Will this be the end of private (non-commercial) camping in the Broken Group?

Discussion in 'General Paddling Discussions' started by JohnAbercrombie, Dec 28, 2017.

  1. Astoriadave

    Astoriadave Paddler

    Joined:
    May 31, 2005
    Messages:
    5,352
    Location:
    Astoria, Oregon, USA
    Early days, both as a climber in the 1960s and 1970s and as a sea kayaker in 1991, my attitude towards regulation of wilderness access was 100 per cent in opposition. As the hordes descended on my favorite areas/campsites, I just moved on, exploiting well-honed route finding skills and elementary mapwork or chartwork to find fresher, unspoiled peaks and waterways. Staying below the radar and obfuscating where I went worked very well for a long time, augmented by a willingness to drive slap-happy-long, BFD distances.

    No more, and in Barkley Sound, the hordes were ruining the experience by 1995, for sure, when Parks instituted daily fees and completed composting toilets at eight campsites, effing-only!, banning commando camping. The Deers, with no regulation to speak of, and a laissez-faire attitude from First Nations, remained desirable alternatives a while longer, until the failure of the intertidal flush began turning up too much fresh evidence of human visitation.

    For Barkley Sound, my stance reversed completely in the face of the success of the relatively well managed system Parks had in place, through about 2010 (last visit to the BGI). Way, way too many people and far too much poop for anything but intensive, well-managed oversight. It is time for Bowron Lakes-style management, with different campsites for the commercial groups versus truly "private" groups. [Clubs either private or public have been abusing their status as "non-commercial" from my first visit to the BGI to my last.]

    With Parks basically abdicating on-the-ground oversight to First Nations "reserve" status management, my brief, pre-2011 exposure suggests that a three-way management system similar to that in Haida Gwaii might be much more effective. [Yes, I have extensive exposure to its limitations.]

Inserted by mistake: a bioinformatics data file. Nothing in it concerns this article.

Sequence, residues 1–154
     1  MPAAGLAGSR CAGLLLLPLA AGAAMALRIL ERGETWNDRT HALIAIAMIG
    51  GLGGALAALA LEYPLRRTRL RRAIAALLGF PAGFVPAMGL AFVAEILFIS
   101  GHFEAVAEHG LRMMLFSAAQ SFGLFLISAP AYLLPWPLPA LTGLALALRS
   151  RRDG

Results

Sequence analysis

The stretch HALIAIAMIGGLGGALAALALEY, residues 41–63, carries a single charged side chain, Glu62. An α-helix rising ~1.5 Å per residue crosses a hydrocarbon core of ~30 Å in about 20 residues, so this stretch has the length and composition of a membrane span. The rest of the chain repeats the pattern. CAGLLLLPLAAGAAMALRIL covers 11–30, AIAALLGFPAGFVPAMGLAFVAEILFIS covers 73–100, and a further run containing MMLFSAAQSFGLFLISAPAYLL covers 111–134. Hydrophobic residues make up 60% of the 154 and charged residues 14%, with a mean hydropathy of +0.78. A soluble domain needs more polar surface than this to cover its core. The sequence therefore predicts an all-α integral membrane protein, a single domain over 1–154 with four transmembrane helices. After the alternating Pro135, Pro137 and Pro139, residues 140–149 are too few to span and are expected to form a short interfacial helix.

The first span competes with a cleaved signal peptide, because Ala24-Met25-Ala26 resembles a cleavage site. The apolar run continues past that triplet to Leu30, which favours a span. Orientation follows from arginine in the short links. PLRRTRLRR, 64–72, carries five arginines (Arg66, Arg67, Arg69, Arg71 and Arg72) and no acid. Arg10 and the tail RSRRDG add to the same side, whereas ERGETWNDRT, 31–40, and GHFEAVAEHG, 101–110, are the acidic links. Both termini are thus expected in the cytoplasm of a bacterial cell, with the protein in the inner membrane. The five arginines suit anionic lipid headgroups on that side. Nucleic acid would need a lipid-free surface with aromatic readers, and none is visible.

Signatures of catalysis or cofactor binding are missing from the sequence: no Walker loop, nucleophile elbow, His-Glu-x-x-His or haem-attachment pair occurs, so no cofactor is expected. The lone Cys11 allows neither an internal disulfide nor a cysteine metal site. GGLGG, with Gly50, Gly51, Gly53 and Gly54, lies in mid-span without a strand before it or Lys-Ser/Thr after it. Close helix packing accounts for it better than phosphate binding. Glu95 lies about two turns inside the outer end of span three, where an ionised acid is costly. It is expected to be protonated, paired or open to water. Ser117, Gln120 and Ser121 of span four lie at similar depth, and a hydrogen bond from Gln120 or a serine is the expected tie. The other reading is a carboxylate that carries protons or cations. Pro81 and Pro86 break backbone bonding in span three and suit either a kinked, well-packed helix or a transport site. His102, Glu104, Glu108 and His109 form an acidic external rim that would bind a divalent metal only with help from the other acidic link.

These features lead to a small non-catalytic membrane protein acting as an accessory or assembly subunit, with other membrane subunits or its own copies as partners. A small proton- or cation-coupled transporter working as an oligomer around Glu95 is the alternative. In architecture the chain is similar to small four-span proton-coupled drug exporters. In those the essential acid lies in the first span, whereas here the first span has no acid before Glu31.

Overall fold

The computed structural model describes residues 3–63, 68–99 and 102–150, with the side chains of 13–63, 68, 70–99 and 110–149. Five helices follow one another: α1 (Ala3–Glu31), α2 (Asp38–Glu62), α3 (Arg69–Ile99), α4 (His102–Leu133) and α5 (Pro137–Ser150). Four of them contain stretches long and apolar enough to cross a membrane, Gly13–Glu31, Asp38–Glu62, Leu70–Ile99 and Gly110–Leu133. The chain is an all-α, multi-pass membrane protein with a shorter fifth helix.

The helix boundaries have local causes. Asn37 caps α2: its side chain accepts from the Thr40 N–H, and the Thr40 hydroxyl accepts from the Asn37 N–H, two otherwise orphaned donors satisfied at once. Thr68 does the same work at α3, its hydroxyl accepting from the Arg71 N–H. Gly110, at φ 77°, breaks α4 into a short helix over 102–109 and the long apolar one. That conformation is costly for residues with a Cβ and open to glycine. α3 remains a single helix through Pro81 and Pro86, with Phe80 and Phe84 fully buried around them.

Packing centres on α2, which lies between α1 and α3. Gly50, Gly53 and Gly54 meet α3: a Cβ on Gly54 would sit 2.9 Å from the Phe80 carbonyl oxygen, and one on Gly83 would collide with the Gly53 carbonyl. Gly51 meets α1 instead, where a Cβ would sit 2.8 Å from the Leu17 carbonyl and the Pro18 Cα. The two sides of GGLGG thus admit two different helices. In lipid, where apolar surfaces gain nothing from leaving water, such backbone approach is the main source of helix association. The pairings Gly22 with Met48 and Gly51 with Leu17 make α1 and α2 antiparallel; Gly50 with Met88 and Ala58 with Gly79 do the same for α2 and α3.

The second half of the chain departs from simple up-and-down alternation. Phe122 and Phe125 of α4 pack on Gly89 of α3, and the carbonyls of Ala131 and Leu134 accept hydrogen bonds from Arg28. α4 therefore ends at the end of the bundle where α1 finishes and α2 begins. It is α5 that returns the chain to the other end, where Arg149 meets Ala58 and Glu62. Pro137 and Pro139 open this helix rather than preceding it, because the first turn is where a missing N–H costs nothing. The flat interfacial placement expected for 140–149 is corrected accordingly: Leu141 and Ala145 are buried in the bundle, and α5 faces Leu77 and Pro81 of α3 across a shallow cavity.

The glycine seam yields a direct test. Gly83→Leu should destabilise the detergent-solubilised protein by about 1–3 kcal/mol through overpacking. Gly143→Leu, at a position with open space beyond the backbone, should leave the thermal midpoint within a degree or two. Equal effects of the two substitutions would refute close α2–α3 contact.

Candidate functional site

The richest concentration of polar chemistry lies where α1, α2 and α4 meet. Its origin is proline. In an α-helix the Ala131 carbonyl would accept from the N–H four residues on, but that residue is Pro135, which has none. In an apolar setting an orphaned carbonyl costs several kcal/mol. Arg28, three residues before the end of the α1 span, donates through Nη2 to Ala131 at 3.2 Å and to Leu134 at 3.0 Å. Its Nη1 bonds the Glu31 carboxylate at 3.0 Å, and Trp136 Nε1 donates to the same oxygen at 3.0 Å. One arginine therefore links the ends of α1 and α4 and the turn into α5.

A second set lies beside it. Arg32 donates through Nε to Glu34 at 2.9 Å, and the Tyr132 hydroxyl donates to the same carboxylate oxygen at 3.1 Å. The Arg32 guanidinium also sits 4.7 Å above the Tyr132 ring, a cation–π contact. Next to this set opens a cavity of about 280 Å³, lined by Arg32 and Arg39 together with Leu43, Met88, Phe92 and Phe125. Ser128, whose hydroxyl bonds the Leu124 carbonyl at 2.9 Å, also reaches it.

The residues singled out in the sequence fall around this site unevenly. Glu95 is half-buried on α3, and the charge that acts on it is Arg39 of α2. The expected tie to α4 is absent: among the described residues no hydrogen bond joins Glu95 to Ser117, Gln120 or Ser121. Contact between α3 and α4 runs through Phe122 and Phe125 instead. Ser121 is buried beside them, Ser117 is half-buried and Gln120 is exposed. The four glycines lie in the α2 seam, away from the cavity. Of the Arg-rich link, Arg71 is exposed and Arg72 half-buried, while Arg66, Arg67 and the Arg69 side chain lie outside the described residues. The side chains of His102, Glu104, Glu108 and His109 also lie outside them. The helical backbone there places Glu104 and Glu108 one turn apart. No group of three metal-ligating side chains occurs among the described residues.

I drag this out in the open because everybody is pussy-footing around it.

    If jurisdiction and management have fuzzy boundaries and fuzzy, poorly-enforced management, nobody, nobody wins. As a guy with strong emotional ties to Barkley Sound, but, as a US citizen, absolutely no say in what comes next, I respect the difficult situation those islands occupy, and the concerns of conflicting groups wrassling over them

    Both from the standpoint of enhanced economic return to the shareholders, especially First Nations groups, and from the effect on protection of the scenic and recreational values of the BGI, it is past time to congeal efforts to work out a structure which can effectively oversee them.

    Hiding and waiting, now. PS: I live in Arkansas, really. ;)
     
    Last edited: Jan 1, 2018
    Dan_Millsip and AM like this.
  2. jefffski

    jefffski Paddler

    Joined:
    Jan 2, 2014
    Messages:
    10
    I agree with the idea of limited management and that commercial and large (more than 3 tents) groups should follow pre booked itineraries on sites that have enough room (i.e. group sites a la Bowron Lakes). At the same time, there should be some opportunities for single tent groups to check in at the last minute. Ross Lake works quite well in this regard.

    My recent experience in the Broughtons in August 2016 was not all positive as some campsites were for the exclusive use of commercial groups (mainly on south Hanson) and other public ones (Cedar Island, Fox Group and White Cliffs) were overrun with commercial groups. As a single tent group, we squeezed in, but it would have been nice to know in advance which campsites to avoid when.